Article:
Erythrodiplax ana sp. nov. (male holotype, six male and three female paratypes), collected in Vereda wetlands (a unique Neotropical savanna environment) in Uberlândia (Minas Gerais) and Chapada dos Guimarães (Mato Grosso), Brazil, is described and illustrated. The new species fits in Borror's Basalis Group, and can be distinguished from other species by the combination of the following traits: blue pruinosity dorsally on thorax and third to eighth abdominal segments; sides of the thorax olive-green; face ivory or olive-green; wings hyaline with a small apical brown spot on all four wings, well defined in females; male genitalia with sclerotized erectile posterior lobe and inflatable sac-like median process. Last instar larvae were reared in the laboratory, resulting in the description of the larva. We also followed this population for 13 months and present resulting biological notes and comments on ontogenetic color change in males, as well as longevity.
Forcipomyia (Pterobosca) incubans Macfie (1937) (Diptera: Ceratopogonidae) is recorded here for the first time for Brazil. Females were collected in the Brazilian Neotropical Savanna parasitizing the wings of Erythrodiplax juliana Ris (1911), Erythrodiplax aff. anomala Brauer (1865) Using the file properties and the 10% percentile training presence threshold (0.249), we created a gradual scale to show the potential distribution of the species. The predictive ability of the generated model was assessed by the Area Under Curve (AUC) of the Receiver Operating Characteristic (ROC) curve (Philips et al. 2006). We adopted the interpretation of AUC results by Araujo et al. (2005)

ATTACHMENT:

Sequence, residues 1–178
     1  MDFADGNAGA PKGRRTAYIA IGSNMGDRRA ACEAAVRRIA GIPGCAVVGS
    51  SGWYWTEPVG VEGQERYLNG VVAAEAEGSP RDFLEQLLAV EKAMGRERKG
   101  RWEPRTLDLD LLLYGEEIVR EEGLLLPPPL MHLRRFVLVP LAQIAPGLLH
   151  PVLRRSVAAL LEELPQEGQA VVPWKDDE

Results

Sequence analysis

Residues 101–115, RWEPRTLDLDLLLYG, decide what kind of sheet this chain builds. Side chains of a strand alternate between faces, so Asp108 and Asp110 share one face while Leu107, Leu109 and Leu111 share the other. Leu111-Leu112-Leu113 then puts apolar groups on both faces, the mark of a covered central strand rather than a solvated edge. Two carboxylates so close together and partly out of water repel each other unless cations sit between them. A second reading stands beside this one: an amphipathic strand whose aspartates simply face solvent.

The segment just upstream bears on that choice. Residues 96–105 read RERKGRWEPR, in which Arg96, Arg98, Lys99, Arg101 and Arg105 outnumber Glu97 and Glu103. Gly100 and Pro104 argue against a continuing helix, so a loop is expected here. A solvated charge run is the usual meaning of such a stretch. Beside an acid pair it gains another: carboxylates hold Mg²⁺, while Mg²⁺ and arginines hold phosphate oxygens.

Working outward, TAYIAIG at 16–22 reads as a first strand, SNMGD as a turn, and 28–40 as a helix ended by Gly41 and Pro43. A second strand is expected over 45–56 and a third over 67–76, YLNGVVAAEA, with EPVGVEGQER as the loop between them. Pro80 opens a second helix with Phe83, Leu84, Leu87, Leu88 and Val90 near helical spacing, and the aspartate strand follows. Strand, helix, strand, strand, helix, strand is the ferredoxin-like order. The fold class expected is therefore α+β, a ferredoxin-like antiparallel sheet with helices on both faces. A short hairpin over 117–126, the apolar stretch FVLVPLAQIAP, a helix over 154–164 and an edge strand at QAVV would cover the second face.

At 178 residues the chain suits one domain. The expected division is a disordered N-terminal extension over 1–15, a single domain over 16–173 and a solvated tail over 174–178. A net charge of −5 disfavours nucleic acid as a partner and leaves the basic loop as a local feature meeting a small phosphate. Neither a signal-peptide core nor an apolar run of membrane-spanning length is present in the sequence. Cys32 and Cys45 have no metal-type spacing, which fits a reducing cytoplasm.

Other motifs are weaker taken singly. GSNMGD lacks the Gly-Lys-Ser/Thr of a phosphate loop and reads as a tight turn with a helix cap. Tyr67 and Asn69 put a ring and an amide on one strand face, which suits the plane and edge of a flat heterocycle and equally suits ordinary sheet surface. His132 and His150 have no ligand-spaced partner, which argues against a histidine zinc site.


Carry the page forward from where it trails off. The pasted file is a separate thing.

Results and DiscussionWe collected a total number of 605 dragonflies and damselflies, distributed in 17 species, seven Zygoptera and ten Anisoptera. The most common species were Erythrodiplax aff. anomala Brauer, Erythrodiplax umbrata (L.), Zenithoptera lanei Santos, Acanthagrion truncatum Selys, Acanthagrion lancea Selys and Mnesarete pudica (Hagen in Selys).Only three Libellulidae species had midges attached to their wings: one male Erythrodiplax juliana Ris (12% of the captured specimens of this species), a Neotropical species (Muzón & Garre 2005) that oviposits on lentic environments (Carvalho 1998); four males Erythrodiplax aff. anomala Brauer (2% of the captured specimens of this species); and one male Erythemis credula Hagen (5% of the captured specimens of this species), which is widely distributed in Central and South Americas, dwelling in streams in Argentina (Muzón et al. 2008) and lakes in Brazil (Franco & Takeda 2002) and Panama (May 1998). This information suggest that this midge may parasitize both stream and lake dwelling odonates, being transported in phoresy to many environments and supporting its wide distribution range. We found only one midge on the basal or apical portion of wings of each dragonfly. Midges clearly had mouthparts